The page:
Saint Kitts and Nevis Embassy in Taiwan host Mountain cleanup for World Earth Day

Ambassador Donya Francis and participants.
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Nassau, The Bahamas – Minister of Social Services, Information and Broadcasting, the Hon. Myles LaRoda, Monday, used the annual, global observance of Earth Day to outline the “inter-connectedness” between environmental protection and gender equality.  Mr. LaRoda serves as Chair of the Commonwealth Women’s Affairs Ministers Meeting (WAMM).

Ambassador Donya Francis and participants.

WAMM serves as the principal decision-making body for Commonwealth women’s affairs ministers to review progress made towards achieving four Commonwealth priorities for gender equality and women’s empowerment.

The four priorities are: Women in leadership; Women’s economic empowerment; Ending violence against women and girls; and Gender and climate. Special focus was also given to the inclusion of women and girls with disabilities at the 2023 Meeting held (August 21-23) in The Bahamas.

Minister LaRoda said the Davis Administration’s: “Commitment to preserving the environment goes hand in hand with our commitment to gender equality.”

“Today, as we mark Earth Day, let us not only celebrate our planet but also reflect on the inter-connectedness of its inhabitants. As we all well know, in 2024, our most pressing environmental challenge, indeed our most pressing global challenge, is climate change,” Mr. LaRoda said.

“Gender inequality, like environmental degradation, is a global challenge that requires collective action. We must recognize that the fight for equality extends beyond gender alone — it encompasses socio-economic status, disability status and so much more.”

Minister LaRoda’s comment came during a broadcast address on the global observance of Earth Day. The address was made available on multiple platforms.

The 2024 commemoration of Earth Day was celebrated under the theme “Planet vs Plastics”.  Environmental officials say, while plastics — a by-product of the fossil fuel industry — are convenient and useful, there is a negative component as they are very hard to discard.

“Single-use and micro-plastics have an immense negative effect on our planet and the most vulnerable among us,” Mr. LaRoda said.

“Women are some of the largest consumers of micro-plastics that enter their bodies through ingestion of contaminated seafood, leaching from plastic water bottles and dermatologic products.  These compounds are linked to serious health issues such as endocrine disruption, weight gain, insulin resistance, decreased reproductive health, and cancer.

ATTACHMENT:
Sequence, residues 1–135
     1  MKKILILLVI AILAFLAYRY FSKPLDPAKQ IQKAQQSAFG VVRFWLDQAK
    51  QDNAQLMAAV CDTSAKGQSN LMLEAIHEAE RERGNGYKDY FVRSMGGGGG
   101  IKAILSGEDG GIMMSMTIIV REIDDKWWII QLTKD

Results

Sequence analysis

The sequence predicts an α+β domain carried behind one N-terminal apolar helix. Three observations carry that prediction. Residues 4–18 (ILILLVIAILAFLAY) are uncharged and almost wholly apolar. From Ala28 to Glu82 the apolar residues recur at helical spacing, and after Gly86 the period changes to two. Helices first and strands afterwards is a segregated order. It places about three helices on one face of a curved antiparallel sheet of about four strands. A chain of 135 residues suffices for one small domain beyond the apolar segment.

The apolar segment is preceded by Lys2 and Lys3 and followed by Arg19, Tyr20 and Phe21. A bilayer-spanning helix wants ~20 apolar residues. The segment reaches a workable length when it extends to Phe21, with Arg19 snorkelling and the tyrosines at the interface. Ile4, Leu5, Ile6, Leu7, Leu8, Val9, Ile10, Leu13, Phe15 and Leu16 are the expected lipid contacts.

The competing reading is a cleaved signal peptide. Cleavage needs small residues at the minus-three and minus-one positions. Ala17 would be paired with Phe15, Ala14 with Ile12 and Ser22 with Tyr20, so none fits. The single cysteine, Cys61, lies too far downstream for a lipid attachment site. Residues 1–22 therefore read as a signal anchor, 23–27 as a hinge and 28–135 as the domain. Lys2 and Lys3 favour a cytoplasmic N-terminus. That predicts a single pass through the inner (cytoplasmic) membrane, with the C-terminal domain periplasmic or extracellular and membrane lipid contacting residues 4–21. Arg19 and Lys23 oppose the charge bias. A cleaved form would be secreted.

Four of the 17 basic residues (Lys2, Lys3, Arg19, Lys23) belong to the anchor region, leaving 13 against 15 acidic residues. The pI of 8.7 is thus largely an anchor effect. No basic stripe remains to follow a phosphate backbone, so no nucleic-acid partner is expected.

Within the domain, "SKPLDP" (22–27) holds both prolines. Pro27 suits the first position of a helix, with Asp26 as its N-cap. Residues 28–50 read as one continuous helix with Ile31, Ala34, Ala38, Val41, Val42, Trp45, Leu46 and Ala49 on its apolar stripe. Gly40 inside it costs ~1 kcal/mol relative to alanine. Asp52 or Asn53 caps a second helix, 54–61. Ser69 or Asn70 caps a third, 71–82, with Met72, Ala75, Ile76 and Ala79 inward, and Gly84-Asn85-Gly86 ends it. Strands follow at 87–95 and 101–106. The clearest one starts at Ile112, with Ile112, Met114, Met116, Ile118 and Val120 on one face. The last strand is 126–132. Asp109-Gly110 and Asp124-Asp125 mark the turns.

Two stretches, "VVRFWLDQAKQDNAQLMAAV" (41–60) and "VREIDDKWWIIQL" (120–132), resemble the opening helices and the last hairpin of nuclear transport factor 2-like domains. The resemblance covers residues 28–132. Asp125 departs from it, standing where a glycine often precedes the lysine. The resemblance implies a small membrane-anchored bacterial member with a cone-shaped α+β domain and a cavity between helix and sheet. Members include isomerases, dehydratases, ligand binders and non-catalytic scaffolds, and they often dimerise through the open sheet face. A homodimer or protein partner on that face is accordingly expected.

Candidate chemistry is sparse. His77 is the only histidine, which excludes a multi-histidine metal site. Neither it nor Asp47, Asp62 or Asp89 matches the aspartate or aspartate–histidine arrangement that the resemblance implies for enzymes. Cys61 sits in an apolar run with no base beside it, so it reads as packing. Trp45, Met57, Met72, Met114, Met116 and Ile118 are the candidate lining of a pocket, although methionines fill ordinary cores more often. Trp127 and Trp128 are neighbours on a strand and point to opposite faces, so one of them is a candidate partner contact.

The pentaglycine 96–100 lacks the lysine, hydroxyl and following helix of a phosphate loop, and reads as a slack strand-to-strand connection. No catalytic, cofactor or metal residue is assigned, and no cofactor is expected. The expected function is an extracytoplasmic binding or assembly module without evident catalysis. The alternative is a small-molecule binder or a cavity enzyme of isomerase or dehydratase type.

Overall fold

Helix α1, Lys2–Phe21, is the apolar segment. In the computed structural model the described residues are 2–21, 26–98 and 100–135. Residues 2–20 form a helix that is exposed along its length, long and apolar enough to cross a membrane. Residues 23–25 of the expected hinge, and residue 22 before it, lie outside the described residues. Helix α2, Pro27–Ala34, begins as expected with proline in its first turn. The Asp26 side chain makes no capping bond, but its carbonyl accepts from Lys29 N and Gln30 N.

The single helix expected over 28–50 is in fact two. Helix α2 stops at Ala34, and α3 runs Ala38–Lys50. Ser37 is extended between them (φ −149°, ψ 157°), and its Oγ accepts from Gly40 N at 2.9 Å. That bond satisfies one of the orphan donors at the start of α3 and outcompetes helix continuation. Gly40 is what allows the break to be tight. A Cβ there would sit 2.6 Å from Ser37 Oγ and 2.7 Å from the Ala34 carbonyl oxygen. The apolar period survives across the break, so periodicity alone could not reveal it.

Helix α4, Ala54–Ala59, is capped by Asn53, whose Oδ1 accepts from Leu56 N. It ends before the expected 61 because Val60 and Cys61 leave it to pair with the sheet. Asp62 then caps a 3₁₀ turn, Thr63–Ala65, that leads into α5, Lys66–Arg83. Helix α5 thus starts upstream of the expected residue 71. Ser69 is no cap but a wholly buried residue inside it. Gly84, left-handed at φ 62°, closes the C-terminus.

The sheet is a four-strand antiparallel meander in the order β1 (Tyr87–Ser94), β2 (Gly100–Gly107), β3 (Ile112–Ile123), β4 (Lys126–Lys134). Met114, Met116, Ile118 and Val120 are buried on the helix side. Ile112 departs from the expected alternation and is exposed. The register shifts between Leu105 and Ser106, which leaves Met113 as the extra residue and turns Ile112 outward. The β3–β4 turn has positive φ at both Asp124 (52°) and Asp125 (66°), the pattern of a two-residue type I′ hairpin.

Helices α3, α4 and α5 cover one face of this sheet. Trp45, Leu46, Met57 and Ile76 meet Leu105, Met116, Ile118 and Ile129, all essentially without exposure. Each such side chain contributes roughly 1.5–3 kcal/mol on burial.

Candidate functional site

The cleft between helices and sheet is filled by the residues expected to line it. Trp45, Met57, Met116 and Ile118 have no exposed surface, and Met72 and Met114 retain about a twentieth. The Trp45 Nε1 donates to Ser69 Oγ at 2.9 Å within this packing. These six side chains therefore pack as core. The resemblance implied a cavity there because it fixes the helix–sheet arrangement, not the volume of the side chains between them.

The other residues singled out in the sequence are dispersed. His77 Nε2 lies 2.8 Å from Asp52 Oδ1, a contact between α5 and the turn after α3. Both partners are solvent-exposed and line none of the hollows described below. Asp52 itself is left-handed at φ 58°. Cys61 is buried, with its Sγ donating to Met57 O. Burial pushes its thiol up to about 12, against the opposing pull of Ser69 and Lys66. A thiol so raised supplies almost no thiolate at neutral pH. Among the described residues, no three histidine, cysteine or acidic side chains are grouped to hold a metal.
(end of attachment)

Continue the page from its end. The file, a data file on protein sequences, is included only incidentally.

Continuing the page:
“We must move swiftly to implementing changes in the way we handle solid waste as well as developing a Circular Economy Roadmap, in order to transition to a more climate resilient and environmentally sustainable economy.”

Minister LaRoda said as the country, and indeed the globe, strives for a sustainable and harmonious world, three key areas must be addressed including empowerment, representation and education.

“We must empower women to actively participate in decision-making processes related to environmental policies, climate action, and resource management. Their voices are essential in shaping a more equitable and resilient future.

“Gender parity in leadership positions is crucial as it is not just a matter of justice; it is essential for sustainable development. When women hold key roles, diverse perspectives emerge, leading to more effective solutions. Let us break down barriers and create pathways for their meaningful participation.

“Education is a powerful tool for change. Raising awareness about gender-environment linkages fosters informed action. By promoting environmental literacy and gender-inclusive education, we equip future generations with the knowledge and empathy needed to safeguard our planet and promote equality.”

Minister LaRoda said women and girls must be afforded an equal share of the collective future.

“Let us embrace this idea, recognizing that our shared commitment to equality extends beyond borders and boundaries.  By championing both gender equality and environmental conservation causes, we pave the way for a more resilient, just, and sustainable world.

“As the Chair of the 13th Commonwealth Women’s Affairs Ministers Meeting, I reflect on the links between environmental protection and gender equality. When Ministers met in Nassau last August they committed to a collaborative Commonwealth community effort around gender-responsive climate action. Ministers also discussed the urgent need to invest more in women and girls as agents of transformative climate action and environmental sustainability,” Mr. LaRoda concluded.

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